Here’s something to think about:  out of 80,000 books published, perhaps 300 will have the kind of success you are hoping for.

A lot of attendees took this information and much more in stride and appeared to be eager to get home and get started on that platform-building project.  I was not one of them.  In fact, I mostly felt confused about how I felt.  I often find clarity by writing it out, trusting that my Higher Self will bring me the information and insight that I am seeking.

I will share a few bits of what came to me . . . . . .

1.What I saw clearly and faced squarely today is this:  I do not have the drive, the skill set, or even the desire to build my platform.  Surprisingly I am terrifically okay with that.

2. I am so aware of the vast learning process that accompanied my book.  It turns out that the birthing process was the whole point.  I was never meant to turn it into my business.

3. Because I listened today with an open heart, my struggle with marketing is over and judging myself as a failure is done.

4. My joy lies in the writing, and in giving my books away.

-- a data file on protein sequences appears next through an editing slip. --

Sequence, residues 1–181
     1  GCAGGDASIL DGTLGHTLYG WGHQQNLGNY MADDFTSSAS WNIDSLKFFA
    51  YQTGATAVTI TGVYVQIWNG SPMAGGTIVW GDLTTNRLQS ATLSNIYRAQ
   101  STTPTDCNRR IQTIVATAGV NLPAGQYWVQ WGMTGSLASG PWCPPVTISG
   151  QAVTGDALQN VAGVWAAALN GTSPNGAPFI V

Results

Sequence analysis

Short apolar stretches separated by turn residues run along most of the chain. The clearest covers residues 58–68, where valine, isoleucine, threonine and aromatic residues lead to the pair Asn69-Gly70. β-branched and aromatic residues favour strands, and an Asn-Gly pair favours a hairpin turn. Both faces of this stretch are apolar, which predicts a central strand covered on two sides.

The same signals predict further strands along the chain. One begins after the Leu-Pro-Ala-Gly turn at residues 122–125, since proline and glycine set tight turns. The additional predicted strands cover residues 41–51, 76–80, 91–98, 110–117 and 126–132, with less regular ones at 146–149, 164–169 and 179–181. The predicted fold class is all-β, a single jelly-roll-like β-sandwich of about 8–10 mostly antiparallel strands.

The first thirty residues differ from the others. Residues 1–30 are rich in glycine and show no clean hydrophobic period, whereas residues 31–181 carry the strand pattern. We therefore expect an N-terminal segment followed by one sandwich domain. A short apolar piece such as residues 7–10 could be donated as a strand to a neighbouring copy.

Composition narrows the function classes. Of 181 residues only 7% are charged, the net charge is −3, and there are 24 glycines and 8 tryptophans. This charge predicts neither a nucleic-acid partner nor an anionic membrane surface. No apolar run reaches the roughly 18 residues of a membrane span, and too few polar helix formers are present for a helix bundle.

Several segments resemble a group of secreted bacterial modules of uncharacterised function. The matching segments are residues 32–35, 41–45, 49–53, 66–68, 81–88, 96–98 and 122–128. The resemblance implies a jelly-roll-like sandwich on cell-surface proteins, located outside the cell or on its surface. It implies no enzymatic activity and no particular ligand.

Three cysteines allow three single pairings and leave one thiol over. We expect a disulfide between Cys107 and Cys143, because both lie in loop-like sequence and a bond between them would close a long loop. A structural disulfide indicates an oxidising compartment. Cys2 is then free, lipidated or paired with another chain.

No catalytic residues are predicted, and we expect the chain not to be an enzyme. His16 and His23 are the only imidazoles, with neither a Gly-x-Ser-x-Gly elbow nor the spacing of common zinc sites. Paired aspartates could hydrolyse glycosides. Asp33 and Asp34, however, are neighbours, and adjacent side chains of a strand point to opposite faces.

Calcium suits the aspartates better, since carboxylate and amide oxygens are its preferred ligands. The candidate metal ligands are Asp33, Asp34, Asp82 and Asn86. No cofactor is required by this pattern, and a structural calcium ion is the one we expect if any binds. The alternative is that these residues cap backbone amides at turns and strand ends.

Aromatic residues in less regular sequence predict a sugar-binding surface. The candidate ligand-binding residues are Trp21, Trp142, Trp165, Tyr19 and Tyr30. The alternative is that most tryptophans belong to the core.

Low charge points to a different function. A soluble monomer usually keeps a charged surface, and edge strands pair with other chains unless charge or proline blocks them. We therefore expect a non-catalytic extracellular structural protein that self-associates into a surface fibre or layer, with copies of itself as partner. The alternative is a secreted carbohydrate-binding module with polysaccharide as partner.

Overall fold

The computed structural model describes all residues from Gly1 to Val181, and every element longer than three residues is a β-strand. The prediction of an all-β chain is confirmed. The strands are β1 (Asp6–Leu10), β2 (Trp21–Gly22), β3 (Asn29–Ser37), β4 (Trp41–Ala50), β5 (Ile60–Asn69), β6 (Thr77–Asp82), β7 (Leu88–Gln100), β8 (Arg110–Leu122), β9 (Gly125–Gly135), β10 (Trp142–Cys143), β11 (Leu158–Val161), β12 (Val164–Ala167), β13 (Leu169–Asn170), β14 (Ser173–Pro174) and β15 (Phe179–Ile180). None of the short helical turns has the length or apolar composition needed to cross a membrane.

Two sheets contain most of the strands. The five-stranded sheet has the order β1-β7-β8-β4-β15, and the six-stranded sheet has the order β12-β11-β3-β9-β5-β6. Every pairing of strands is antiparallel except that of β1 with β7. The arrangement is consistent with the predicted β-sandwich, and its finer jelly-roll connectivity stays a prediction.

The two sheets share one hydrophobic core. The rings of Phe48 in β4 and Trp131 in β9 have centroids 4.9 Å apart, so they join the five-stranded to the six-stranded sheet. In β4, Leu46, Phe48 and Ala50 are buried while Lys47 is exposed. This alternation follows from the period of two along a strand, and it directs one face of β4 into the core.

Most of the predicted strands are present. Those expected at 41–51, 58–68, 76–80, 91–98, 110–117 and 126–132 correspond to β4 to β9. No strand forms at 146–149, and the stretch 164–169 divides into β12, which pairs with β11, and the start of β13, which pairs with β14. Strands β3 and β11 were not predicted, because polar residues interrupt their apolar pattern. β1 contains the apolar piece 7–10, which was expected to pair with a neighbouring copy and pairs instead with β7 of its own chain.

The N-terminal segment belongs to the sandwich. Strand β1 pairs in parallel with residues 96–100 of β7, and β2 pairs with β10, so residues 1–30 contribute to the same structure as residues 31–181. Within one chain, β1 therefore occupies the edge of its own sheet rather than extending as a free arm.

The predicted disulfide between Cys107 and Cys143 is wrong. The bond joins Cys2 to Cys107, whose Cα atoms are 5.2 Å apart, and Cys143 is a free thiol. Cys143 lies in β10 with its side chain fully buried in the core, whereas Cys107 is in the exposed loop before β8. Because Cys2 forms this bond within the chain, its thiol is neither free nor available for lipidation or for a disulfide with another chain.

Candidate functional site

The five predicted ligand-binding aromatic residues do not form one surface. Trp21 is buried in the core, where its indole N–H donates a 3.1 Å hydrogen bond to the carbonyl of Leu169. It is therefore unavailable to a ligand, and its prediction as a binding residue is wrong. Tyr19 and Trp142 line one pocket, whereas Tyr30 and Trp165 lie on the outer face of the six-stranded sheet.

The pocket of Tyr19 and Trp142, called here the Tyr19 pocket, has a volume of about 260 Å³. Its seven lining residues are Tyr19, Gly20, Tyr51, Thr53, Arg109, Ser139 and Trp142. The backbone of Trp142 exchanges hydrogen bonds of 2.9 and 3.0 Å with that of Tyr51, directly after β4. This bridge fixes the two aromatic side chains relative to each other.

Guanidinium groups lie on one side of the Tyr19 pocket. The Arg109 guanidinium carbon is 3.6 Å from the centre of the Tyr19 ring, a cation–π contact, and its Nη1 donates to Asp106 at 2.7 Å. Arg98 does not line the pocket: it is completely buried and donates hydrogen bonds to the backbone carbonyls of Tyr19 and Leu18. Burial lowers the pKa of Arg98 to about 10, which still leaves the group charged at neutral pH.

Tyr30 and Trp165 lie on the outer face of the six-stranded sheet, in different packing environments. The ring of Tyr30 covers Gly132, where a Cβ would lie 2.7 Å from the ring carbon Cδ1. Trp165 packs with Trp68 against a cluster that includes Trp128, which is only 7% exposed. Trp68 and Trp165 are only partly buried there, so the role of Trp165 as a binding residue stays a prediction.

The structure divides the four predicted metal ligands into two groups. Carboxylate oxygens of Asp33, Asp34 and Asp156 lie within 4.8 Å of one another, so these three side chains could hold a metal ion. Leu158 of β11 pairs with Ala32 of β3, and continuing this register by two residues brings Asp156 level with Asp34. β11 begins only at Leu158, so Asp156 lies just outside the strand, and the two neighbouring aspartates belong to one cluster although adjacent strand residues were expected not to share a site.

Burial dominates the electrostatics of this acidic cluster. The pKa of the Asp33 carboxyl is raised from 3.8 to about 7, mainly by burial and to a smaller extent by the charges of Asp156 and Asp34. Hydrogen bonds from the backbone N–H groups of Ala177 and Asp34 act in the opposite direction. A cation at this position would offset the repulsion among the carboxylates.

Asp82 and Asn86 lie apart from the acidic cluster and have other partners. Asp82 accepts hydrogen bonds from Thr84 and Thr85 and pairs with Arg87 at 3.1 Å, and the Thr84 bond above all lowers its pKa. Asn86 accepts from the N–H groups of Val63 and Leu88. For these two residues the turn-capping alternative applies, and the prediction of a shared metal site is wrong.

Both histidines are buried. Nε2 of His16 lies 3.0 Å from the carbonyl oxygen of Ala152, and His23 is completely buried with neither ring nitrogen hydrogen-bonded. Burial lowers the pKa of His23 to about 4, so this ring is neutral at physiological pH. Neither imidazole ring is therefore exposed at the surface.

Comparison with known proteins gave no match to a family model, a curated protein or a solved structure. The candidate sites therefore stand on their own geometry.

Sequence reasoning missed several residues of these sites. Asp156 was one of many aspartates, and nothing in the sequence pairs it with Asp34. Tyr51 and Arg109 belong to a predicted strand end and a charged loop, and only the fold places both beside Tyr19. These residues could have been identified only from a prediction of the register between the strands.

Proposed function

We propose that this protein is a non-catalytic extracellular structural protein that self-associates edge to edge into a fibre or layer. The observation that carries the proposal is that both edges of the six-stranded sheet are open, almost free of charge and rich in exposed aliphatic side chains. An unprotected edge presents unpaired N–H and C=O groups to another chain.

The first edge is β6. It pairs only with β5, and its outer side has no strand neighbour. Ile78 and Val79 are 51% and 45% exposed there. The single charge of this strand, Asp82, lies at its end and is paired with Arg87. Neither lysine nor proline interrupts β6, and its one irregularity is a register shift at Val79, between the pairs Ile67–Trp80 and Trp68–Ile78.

5. It cost me a lot of money to see the simple truth, and I do not regret a penny of it for it has been a grand adventure.

6. It was an ego dream, not a heart dream.  Giving freely is my authentic heart dream.  Now that I have that understanding I feel free to proceed with joy.

So, I have two big boxes of RUN GIRL RUN in the bedroom.  I still believe it is a good book that kids and adults need to have and  I am looking for ways to give all I have away.

Please think about who you know and where you go to see if you can find a place where a book for teens–especially those at risk for running– could be useful.  They are free and I will gladly send you as many books as you can find homes for.  My deepest thanks to you if you can help.

Wow, moving on is totally inspiring!  I wonder what’s next . . . . . . .












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This entry was posted on Tuesday, October 8th, 2013 at 7:27 pm and is filed under Things to Think About. You can follow any responses to this entry through the RSS 2.0 feed. Both comments and pings are currently closed.

3 Responses to “The Harsh Reality Workshop”

  1. Anne on October 9th, 2013 at 1:17 pm

    I guess I am a little disappointed for you. Sounds like you’re ok with it. Keep on blogging!

  2. Martha Bailey on October 10th, 2013 at 1:25 pm

    I loved what you shared about what you learned. I had to smile when reading it because it is pure Robbie. You learned about yourself and now you are “terrifically okay with that”. You are ready to give away the books hopefully for the hands that need them most. It is all about learning!

  3. nelda on September 26th, 2014 at 6:33 pm

    Loved your story and your openness.